The first room belong to a little girl or maybe a young teen. The walls were painted a dull, sick pink that flaked off like dying bark. He could see a couple still-coherent stuffed bears, a remnant pile of old books, and a TV dinner tray rotting beside an old dresser. In the center of the room, the largest hole yet spread its dark jaws under a bladeless ceiling fan. Across the room, rusted metal bars wrapped around the inside of a small window. Harry knew that the neighborhood was bad, but still uttered a low chuckle at the bars.

The next room was like the first one with a few key differences; the similarity poked at his stomach, though he wasn’t sure why. Instead of pink, a cold blue painted the walls. Matching bars covered an identically tiny window, and the same bears stuffed the room. There was a hole in this room as well, but the pit was off-center and to the right instead. In the middle of the room lay at least ten crammed cots, each one molded over and riddled with insects. How many damn kids did these idiots have? He stared at the black pit for a while longer before continuing down the hall.

The last couple of doors had to be kicked open; the last one did not exist. The room at the end of the hallway was so plain that it stood out – its walls seemed to be plastered and unpainted, and its floor contained no hole. A single, neatly folded bed sat in the corner, seemingly untouched by the house’s atmosphere. Harry checked the room for any valuables, but found nothing – there was nothing really to search. No dresser, no bedside table… not even a closet or chest. He frowned and left, heading back into the blue room next door.

The room seemed even more eerie from the inside. The bears watched him sadly as he stood in the center of the room, his feet next to one of the moldy cots. In a way, he almost felt trapped – it was as if the bars on the window were taunting him with their very presence. Then he saw it. The whole room was covered with the weeping blue paint – everything but the edges of the window. There, it had been scraped off. Claw marks stretched outwards on either side with half-chipped paint bordering each scratch and blood creasing in between.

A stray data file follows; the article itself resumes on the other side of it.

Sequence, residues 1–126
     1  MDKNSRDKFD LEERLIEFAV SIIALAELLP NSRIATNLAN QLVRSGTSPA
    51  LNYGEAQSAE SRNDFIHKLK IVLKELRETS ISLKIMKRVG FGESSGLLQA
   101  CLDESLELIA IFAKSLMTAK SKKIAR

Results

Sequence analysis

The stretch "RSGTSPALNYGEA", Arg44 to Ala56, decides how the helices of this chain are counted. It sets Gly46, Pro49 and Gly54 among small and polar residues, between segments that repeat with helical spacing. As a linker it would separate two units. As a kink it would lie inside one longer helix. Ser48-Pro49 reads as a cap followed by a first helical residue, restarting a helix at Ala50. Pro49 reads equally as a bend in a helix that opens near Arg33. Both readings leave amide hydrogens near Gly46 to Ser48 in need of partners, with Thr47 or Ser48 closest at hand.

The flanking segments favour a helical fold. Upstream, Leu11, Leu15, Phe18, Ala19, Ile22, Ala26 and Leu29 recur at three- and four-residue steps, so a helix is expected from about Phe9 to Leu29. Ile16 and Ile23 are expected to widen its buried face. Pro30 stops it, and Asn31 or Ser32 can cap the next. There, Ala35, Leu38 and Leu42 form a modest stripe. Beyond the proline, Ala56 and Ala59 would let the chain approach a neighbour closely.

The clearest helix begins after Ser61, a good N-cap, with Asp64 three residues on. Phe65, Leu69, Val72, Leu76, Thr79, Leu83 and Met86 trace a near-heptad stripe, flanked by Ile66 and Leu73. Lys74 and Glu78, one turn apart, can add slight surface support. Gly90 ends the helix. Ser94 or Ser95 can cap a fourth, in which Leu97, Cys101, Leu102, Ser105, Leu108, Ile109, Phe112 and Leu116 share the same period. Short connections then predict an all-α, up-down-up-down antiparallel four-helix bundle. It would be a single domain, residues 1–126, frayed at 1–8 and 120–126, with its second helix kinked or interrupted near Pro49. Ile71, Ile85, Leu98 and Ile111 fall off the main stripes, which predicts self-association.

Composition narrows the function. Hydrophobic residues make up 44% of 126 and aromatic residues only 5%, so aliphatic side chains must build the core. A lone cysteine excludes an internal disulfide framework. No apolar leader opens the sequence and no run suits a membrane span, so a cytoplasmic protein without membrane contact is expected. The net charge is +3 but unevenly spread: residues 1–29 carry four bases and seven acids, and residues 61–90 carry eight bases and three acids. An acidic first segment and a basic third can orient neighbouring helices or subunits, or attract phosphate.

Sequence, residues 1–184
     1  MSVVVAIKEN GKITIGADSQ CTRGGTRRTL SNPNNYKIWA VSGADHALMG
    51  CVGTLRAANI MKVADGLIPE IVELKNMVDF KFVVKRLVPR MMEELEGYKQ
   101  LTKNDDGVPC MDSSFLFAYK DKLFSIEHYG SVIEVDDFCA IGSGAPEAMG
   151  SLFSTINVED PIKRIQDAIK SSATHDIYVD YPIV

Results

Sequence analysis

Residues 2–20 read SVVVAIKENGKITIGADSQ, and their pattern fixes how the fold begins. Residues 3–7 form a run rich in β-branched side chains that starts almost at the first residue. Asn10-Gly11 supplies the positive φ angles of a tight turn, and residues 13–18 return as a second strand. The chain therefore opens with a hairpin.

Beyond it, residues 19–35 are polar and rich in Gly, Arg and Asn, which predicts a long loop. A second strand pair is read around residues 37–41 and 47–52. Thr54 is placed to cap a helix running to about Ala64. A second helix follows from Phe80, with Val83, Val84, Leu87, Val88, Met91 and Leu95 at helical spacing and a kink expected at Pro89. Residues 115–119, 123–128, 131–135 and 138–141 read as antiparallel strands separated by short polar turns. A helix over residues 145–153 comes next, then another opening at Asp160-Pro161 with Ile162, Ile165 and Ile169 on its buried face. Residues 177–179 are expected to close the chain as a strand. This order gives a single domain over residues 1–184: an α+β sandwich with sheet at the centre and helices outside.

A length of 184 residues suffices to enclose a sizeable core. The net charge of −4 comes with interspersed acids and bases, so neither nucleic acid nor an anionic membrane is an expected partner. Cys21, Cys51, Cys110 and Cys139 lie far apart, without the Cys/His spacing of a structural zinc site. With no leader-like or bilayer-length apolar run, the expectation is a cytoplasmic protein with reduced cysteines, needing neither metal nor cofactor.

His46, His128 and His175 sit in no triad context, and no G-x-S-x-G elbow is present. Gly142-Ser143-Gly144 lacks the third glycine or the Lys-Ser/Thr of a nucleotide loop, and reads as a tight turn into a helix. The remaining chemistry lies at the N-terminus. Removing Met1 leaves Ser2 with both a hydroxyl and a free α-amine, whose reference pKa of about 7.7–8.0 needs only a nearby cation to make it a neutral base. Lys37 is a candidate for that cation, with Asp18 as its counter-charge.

Suddenly, the house didn’t seem worth it.

Before Harry could turn around, the door slammed. He screamed and turned, bolting for the wood and slamming his fists against it. The lock had been snapped when he kicked the door in, and now someone was holding it shut against him – he could feel it give way a little bit with each hit before slamming back against its frame.

“HEY!” he bellowed, now attempting to shoulder in the door. There was no answer – only a whispered clicking as the door held back with impossible strength. “I’LL KILL YOU!” he screamed.

“Naughty, naughty,” a voice whispered from the other side of the wood, breathing deeply with each slam against the wood. “You haven’t learned your lesson… Timeout isn’t over yet.” The voice gave Harry chills, and he pressed harder than ever.

“Let… me… OUT!”

“Can’t do that, door must stay locked. Timeout isn’t over yet. Not ’til you learn your lesson.”

Harry took a heavy step back, preparing himself to full-out tackle the door. His foot collapsed into the ground. Motion became a blur and pain ripped at his legs as he found himself falling, collapsing through the rotted ground into darkness.

He passed out.

When Harry opened his eyes, the first thing he did was whip out his lighter. Angry and desperate, he flicked three times before the casino device divulged its flame. He wished it hadn’t.

He was in some kind of basement. There were no windows, no doors… all he could see beyond the shadows were odd shapes and piles of wood. He tried to turn, twisting his body to search his surroundings, only to find that his legs were unwilling to cooperate. One leg was severely displaced, a smooth white bit of his femur poking its curious face out of one side, while the other was penetrated by a sharp piece of floorboard or something… he couldn’t look long enough to tell. Harry moaned and turned to his belly, sliding the lighter around as he moved.

Above, he could see the original hole from the boys’ room. Below it laid the shadowy outline of an obtuse mound – a pile of little, barely composed bodies. The boys seemed to stare at him, their empty sockets pleading him to end their punishment… to finally let them out of the room decomposing around them. Harry whimpered and turned away, unable to look anymore – he could now see the second pile of bodies, just under the faint outline of the girls’ room’s hole.

“Now, now, you can’t come out… you haven’t learned your lesson."

From above, the man’s faint voice broke out again. Its delicate, routine charm echoed throughout Harry’s new abyss as the sound of a door slowly swinging shut punctuated his dialogue.

“Timeout isn’t over yet.”



Credited to Vincent